Finally, figure out which range of focal lengths you're likely to want. I don't do sports photography, but my cousin has done it for years. Basketball is particularly hard to photograph because the players can move from one end of the court to the other in a matter of seconds. Like a lot of sports photographers, she keeps one body loaded with a wide or ultra-wide and another loaded with a longer lens. As the players move toward her she'll swap cameras to get the close/wide shots, then swap back for the long shots as they move to the opposite end of the court. When figuring out your focal lengths, be brutally honest with yourself. A bird photographer who stops at 70mm is going to be disappointed. A landscape photographer who stops at 24mm will likewise be disappointed.

This leads back to the camera. If you need a really wide field of view, a full frame detector will probably suit you better than a crop sensor. If you need to use long focal length lenses, a crop sensor can work out better because it samples a smaller area of the field of view of the lens, making it perform like a longer lens. If you need both, you'll have to find a way to compromise. (With an $800 budget, getting one of each is probably out of the question, but it's something to keep in the back of your mind for later.)

Regardless of which cameras you try and which focal lengths you settle on, chances are you'll have exceeded your $800 budget by several times. Don't worry. Choose a body and a lens that'll get you a good bit of what you want, and know that EVERY photographer lusts after some piece of glass or some piece of gear that they couldn't afford at the time. It's a fact of life.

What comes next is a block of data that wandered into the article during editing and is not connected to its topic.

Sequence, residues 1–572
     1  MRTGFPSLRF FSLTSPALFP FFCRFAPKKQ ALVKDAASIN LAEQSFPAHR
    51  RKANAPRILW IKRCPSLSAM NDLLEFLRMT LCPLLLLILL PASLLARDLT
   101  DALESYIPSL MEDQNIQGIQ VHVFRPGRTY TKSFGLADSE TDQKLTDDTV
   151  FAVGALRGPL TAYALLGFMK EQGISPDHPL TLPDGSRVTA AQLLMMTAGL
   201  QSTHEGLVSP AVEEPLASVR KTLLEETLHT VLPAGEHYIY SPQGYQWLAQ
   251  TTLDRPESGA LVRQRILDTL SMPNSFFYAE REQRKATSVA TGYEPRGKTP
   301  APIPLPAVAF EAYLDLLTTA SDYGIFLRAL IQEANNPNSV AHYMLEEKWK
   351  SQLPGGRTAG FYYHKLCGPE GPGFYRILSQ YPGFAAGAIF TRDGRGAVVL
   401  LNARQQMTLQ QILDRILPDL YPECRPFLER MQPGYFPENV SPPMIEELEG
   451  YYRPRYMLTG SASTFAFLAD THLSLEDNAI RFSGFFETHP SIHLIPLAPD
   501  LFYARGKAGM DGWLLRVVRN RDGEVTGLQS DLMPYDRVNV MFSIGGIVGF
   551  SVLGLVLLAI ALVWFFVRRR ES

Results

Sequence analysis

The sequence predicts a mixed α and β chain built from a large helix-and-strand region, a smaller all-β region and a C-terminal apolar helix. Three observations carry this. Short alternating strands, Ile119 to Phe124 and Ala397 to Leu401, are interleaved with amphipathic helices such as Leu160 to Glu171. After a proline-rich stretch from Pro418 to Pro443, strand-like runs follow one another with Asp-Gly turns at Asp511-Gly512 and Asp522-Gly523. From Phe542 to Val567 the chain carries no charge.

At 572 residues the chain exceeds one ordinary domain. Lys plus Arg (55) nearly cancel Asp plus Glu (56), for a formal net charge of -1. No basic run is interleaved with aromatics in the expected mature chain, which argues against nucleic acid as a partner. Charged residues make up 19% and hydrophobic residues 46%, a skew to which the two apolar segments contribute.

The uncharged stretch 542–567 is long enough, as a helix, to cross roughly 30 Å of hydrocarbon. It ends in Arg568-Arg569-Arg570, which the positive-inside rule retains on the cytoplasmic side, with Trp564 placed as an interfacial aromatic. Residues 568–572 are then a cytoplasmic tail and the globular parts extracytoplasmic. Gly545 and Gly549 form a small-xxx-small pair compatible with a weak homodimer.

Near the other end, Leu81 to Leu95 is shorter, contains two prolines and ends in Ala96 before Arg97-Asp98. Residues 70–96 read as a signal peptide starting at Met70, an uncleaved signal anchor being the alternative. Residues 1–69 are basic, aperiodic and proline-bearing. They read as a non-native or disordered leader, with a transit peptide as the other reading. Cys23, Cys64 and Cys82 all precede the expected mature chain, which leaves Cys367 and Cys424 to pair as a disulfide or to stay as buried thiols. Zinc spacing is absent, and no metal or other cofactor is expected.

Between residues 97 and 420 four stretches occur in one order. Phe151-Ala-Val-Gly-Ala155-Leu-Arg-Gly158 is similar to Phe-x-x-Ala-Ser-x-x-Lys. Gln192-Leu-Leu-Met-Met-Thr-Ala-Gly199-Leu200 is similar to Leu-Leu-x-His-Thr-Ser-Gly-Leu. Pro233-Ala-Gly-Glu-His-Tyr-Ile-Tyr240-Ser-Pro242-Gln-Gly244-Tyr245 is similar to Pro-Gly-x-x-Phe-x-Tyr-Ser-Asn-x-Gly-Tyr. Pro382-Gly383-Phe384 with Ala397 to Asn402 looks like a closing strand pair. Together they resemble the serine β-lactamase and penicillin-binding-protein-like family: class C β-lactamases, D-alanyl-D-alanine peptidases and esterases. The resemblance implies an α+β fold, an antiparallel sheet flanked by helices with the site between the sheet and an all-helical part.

I have a question about something else you said: "I have looked at the lower level versions of DSLRs like the Nikon 3400 but fear they may not be able to process the image quality I would like." This will probably sound nit-picky, but I don't mean it to come out that way: Processing is something you do to a photograph after the fact. It has more to do with the information in the file rather than the camera or the lens that created it. I'll get to that in a second.

Image quality is almost entirely a product of the lens rather than the camera. At its simplest, a camera body houses a (reasonably) flat, photosensitive detector onto which light can be focused. You can expose the detector using anything from a bare pinhole to extremely precise pieces of glass. If you're using a camera with interchangeable lenses and have issues with image quality, try changing lenses. The DxO lens database is an excellent tool for finding lenses that will give you the image quality you need: https://www.dxomark.com/best-lenses-under-13000-dollars

There are two ways in which a camera body will affect image quality: First is detector sensitivity and shutter speed. If you're planning to work handheld indoors, being able to work at higher shutter speeds without introducing too much noise into the image is a huge plus. The Sony Alphas are currently at the top of the pack in this regard, though I'm not a fan of their ergonomics. If the sporting venues you're working at are all outdoors, that becomes less of an issue.

The second way the camera body will affect image quality is if you're planning to make massive prints and need gobs of pixels to pull it off. But keep in mind that doubling the linear resolution of an image requires increasing the pixel count of the detector by a factor of four. To get twice the linear resolution of my ancient 18 megapixel camera, I'd need a 72 megapixel camera. That's well into the realm of medium format digital, which costs something like 40x what I paid for mine. Meanwhile, that 18 megapixel camera can make 32" wide prints without a problem. (This is a long way of saying be reasonable when looking at pixel counts on cameras.)

As far as processing goes, the A#1 best thing you can do to help you in that regard is to shoot RAW rather than JPG. This packs the most information your camera can manage into each file it produces, and gives your image processing software the most latitude for producing an image that looks like what you want. Good news is that all DSLR and mirrorless cameras shoot RAW these days. Some will have more bit depth than others, but I'd be surprised to find even low-end cameras producing fewer than 14 bits per color per pixel.

Sorry for going off on a long ramble like that. I hope this didn't bore you to tears. More than that, I hope there was something in there that was helpful.

Cheers!